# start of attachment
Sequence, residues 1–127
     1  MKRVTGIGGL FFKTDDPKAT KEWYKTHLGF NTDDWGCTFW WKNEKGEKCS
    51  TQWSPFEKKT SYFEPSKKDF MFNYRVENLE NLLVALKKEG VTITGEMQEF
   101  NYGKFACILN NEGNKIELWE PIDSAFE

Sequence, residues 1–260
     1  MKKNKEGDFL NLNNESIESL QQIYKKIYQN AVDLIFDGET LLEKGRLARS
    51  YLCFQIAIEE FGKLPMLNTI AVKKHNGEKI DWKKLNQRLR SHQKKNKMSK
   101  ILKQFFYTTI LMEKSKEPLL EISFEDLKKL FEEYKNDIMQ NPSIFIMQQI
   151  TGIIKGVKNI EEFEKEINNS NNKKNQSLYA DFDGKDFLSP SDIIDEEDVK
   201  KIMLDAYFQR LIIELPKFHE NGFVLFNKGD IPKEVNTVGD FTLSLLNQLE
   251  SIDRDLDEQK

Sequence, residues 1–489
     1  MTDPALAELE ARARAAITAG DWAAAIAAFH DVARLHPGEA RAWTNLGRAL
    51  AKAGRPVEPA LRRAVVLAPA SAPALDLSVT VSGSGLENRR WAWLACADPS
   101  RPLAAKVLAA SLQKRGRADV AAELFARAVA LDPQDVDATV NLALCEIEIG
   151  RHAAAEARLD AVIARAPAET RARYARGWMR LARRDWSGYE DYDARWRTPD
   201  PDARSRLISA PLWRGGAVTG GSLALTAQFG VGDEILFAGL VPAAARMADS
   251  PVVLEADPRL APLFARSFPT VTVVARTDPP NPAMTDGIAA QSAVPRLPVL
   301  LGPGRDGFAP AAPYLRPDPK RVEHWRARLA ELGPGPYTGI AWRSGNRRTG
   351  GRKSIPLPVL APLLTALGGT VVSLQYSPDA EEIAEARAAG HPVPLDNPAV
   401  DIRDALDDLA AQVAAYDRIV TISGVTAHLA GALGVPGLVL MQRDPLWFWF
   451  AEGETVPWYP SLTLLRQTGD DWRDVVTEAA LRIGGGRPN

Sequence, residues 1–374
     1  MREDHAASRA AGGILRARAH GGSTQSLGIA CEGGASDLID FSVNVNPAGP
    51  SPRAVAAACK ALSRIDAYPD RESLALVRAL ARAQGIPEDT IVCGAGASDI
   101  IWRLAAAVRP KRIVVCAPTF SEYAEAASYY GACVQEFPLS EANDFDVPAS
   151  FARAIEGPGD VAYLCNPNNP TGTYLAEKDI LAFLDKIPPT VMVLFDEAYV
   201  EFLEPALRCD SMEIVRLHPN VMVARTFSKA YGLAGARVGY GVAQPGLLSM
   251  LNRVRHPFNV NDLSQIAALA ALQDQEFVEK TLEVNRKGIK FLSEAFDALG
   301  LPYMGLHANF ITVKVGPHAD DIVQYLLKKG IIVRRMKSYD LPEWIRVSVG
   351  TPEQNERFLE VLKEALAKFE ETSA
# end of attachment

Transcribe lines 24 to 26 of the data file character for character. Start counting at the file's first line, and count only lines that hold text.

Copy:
     1  MREDHAASRA AGGILRARAH GGSTQSLGIA CEGGASDLID FSVNVNPAGP
    51  SPRAVAAACK ALSRIDAYPD RESLALVRAL ARAQGIPEDT IVCGAGASDI
   101  IWRLAAAVRP KRIVVCAPTF SEYAEAASYY GACVQEFPLS EANDFDVPAS